Bither: Pulling Double Duty
Unique among VMI’s NCAA coaches, the head rifle coach is also a vital member of the commandant’s staff. Since 2011, Lt. Col. Bill Bither has been serving in these dual roles: Coach of VMI’s NCAA Division I men’s and women’s rifle teams, while also serving as the director of Corps marksmanship.
The sport he coaches is also unique. Unlike the classic image of NCAA Division I athletes straining, striving – and sweating – their ways toward goals, baskets, runs and finish lines, control is the name of the game for rifle athletes.
Rifle competition sounds deceivingly simple: Pick up the firearm, aim, fire. There is, however, much more to the discipline than meets the eye. Bither begins with the essentials. “I could probably write a two or three page list of things you need to do before you squeeze the shot,” he said, going on to explain that the first things he teaches “are the fundamentals of good marksmanship.”
These fundamentals involve significant patience and control on the athlete’s part: Breath control, trigger control, aiming – which is really twofold: Sight picture and sight alignment, hold control and follow through. The last step – follow through – is essentially holding the same shooting positon for a few seconds after squeezing the trigger. If the athlete doesn’t continue holding the firing position for those few seconds, the shot has good chances of going astray.
Bither’s athletes initially spend more time practicing fundamentals without their firearms than with them. “If you start out wrong, you’re just reinforcing bad habits,” he said. By practicing the basics without the firearm, he can weed out any incorrect positioning and tendencies before they become routine.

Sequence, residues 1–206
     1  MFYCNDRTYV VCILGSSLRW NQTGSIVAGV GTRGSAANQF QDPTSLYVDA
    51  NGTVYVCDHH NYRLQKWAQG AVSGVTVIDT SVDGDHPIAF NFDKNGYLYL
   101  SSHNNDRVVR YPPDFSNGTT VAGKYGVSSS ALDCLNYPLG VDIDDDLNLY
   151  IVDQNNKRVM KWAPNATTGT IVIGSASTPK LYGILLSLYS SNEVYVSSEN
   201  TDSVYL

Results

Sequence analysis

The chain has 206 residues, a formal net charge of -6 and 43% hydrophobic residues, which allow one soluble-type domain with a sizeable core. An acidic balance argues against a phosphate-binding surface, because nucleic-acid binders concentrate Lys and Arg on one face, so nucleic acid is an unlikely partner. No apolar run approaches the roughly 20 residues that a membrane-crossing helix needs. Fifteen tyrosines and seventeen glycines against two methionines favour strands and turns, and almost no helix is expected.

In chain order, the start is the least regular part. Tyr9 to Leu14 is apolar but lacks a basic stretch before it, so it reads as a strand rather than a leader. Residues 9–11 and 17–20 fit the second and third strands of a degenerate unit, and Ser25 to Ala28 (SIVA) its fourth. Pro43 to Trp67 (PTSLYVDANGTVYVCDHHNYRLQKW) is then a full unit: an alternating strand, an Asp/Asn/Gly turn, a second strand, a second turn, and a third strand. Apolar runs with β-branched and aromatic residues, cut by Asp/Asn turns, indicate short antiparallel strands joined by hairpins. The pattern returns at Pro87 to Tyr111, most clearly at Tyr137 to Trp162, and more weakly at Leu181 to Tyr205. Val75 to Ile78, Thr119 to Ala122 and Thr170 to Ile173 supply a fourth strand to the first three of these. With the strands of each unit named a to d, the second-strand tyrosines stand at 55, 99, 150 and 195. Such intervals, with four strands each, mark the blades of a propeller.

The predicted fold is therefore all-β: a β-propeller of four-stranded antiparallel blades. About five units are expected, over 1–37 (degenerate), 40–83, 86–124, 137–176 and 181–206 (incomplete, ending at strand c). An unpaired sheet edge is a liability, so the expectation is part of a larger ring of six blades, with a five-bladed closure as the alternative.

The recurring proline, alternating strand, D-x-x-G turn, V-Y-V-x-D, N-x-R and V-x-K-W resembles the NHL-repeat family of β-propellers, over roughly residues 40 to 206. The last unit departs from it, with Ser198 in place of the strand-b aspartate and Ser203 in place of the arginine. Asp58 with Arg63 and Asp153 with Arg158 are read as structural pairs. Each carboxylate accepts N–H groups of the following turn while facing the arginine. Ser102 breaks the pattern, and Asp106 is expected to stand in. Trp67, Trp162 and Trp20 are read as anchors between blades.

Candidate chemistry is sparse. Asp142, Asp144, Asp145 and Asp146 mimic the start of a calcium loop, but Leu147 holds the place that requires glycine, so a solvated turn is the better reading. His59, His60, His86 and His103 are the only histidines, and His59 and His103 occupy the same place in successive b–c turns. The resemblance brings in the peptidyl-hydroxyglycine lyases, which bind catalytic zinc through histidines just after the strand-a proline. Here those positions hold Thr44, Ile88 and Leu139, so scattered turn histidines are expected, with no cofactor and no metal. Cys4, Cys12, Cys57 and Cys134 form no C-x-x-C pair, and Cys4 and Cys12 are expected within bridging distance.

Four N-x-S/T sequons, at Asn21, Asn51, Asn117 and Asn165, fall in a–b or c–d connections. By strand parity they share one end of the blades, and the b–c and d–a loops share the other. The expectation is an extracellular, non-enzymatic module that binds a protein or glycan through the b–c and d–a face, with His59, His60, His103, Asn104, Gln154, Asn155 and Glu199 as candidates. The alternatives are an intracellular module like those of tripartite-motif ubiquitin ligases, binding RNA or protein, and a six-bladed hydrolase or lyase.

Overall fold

A well-trained rifle athlete can calmly combine all the fundamentals, squeezing the two-stage trigger and taking up the initial slack, then timing the final trigger squeeze with sight alignment and sight picture, finally breaking the shot “in a perfect timing sequence.”
While rifle athletes benefit from physical training regimens, particularly core exercises, Bither feels that “every bit” of the allowed practice time is best spent practicing fundamentals and actually shooting. “We depend on the Corps and the ROTC” physical training time, he said, noting that he’s not concerned about physical training for his rat athletes “because they’re getting smoked every day.”
Aside from learning – and practicing – fundamentals, Bither’s teams have some assistance from their gear. They wear a stiff, somewhat uncomfortable suit and boots, designed to minimize movement while providing a measure of stability. There is a thick, rubber glove for the non-trigger hand that helps each athlete support the rifle, particularly while in the standing position. The glove also decreases the athlete’s skin – and pulse – contact with the rifle. There is also a small table, called an offhand stand, beside each firing lane where athletes can set rifles to both rest and reload. For the “extremely uncomfortable” kneeling position, athletes tuck a kneeling roll underneath their feet to add support. Rifles themselves have slings to hold the weapon tight, along with butt hooks designed to tuck snugly into the armpit area.
NCAA rifle competitors can use two types of firearms: Smallbore and air rifles, both of which are single shot firearms. For beginners, Bither encourages picking one type of firearm and getting comfortable with it for a year or two. Experienced athletes generally shoot both types of rifles in competition. After a 15 minute warmup period when athletes shoot as many practice rounds, or “sighters,” as desired, the timed competition begins. For smallbore, competitors have one hour and 45 minutes to shoot 20 rounds each from three positions: Kneeling, prone and standing. For air rifle competition, each athlete has one hour and 15 minutes to fire 60 rounds – all from a standing position.